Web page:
From Hansard 12.04.2021
We join today across this House to commemorate and celebrate the life of His Royal Highness Prince Philip, the Duke of Edinburgh. On behalf of everyone in Stoke-on-Trent, I offer my sincere condolences to the Queen and the entire royal family. Prince Philip led an incredible life of service to our nation, always at the side of our Queen and monarch over nearly 70 years. As the longest-serving consort in our history, on his own he completed more than 22,000 engagements, often fulfilled with his humorous wit and always out of commitment to Her Majesty and our country.
I will focus particularly on the Duke of Edinburgh’s Award programme, which he started in 1956. Millions of people have benefited from the programme, including my wife, who achieved the bronze and silver awards. In Stoke-on-Trent, thousands of young people have taken part. Secondary schools such as St Thomas More and Trentham Academy encourage students to take part, with activities often undertaken in the nearby Peak district. Abbey Hill special school and Strathmore College, which both do incredible work supporting young people with disabilities or learning difficulties, have also had many of their young people undertake awards.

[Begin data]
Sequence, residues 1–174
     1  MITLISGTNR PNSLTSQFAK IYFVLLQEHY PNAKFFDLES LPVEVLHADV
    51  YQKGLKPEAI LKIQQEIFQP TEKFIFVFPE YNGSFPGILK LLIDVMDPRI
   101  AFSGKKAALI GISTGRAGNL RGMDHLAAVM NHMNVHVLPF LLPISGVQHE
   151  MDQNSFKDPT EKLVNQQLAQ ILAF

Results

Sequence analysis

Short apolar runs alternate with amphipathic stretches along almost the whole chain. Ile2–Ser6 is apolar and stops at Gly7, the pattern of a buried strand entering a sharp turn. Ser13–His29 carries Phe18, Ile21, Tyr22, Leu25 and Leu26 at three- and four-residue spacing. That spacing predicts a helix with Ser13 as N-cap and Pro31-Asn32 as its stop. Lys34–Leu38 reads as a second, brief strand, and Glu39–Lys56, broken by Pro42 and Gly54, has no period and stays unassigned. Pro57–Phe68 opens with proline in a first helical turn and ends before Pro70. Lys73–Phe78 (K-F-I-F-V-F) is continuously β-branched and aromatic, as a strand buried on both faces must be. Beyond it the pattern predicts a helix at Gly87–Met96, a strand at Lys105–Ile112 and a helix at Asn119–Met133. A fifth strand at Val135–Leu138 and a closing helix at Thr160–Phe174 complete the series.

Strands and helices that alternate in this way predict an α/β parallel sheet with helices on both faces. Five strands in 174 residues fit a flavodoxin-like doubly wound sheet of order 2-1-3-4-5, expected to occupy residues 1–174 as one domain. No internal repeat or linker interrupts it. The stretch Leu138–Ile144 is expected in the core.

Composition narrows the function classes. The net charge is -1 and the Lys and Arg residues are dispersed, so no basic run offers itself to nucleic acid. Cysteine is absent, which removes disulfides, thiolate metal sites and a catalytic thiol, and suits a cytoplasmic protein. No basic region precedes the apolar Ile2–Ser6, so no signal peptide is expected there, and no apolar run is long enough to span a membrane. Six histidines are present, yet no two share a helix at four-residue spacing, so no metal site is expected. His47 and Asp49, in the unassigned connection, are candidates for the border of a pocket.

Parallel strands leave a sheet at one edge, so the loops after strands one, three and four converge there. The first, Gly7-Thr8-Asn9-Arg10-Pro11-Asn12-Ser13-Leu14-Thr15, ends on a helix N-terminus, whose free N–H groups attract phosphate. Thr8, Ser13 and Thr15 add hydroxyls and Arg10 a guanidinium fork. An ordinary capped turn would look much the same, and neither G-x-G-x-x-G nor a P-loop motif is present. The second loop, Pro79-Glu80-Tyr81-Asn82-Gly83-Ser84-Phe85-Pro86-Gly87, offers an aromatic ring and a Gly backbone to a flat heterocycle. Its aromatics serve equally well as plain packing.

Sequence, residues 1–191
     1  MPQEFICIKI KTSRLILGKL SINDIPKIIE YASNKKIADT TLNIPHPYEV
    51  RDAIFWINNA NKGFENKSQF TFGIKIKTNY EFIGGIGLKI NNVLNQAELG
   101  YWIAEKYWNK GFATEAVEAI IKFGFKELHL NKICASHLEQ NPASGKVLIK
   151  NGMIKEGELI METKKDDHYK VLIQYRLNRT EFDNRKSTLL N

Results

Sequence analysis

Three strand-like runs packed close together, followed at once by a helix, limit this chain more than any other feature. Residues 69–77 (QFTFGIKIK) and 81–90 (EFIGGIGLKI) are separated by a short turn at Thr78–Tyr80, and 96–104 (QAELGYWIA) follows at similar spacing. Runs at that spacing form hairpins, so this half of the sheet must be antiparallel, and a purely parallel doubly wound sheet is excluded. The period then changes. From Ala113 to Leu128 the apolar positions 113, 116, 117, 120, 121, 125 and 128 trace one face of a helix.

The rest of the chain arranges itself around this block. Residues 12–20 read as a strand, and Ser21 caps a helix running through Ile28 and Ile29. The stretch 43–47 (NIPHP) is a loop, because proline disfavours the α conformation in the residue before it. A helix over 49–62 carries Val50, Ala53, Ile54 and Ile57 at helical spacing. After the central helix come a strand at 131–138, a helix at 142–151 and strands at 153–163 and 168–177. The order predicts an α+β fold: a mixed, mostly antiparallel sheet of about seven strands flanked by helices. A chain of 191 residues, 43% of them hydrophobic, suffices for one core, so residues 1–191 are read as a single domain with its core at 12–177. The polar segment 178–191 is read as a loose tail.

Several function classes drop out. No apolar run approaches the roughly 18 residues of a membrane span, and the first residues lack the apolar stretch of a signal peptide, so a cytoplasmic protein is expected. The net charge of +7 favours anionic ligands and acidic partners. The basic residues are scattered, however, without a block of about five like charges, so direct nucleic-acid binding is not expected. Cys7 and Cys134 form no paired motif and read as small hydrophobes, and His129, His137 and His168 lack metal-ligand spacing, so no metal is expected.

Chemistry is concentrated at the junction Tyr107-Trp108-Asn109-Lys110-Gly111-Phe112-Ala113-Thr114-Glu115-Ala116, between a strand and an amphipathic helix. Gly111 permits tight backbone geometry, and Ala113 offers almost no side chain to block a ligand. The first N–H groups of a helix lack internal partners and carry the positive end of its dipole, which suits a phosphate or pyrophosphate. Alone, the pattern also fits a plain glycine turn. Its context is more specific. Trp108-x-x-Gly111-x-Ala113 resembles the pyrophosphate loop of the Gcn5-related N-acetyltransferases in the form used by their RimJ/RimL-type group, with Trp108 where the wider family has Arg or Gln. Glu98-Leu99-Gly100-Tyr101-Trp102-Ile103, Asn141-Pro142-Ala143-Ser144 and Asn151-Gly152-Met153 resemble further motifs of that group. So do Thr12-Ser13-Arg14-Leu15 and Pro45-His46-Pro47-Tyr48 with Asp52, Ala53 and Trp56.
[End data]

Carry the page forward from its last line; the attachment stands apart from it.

In Stoke-on-Trent, an area where opportunities can often be limited, the awards have had a massive impact in boosting aspirations, building opportunities to grow experience and pushing boundaries of achievement. With covid and all the challenges it has brought for our younger generations, the Duke of Edinburgh’s Award will continue to be more important than ever, helping to transform lives. This is his legacy, and it is the millions of lives that have benefited from the awards for which the Duke of Edinburgh will be most remembered in the years to come.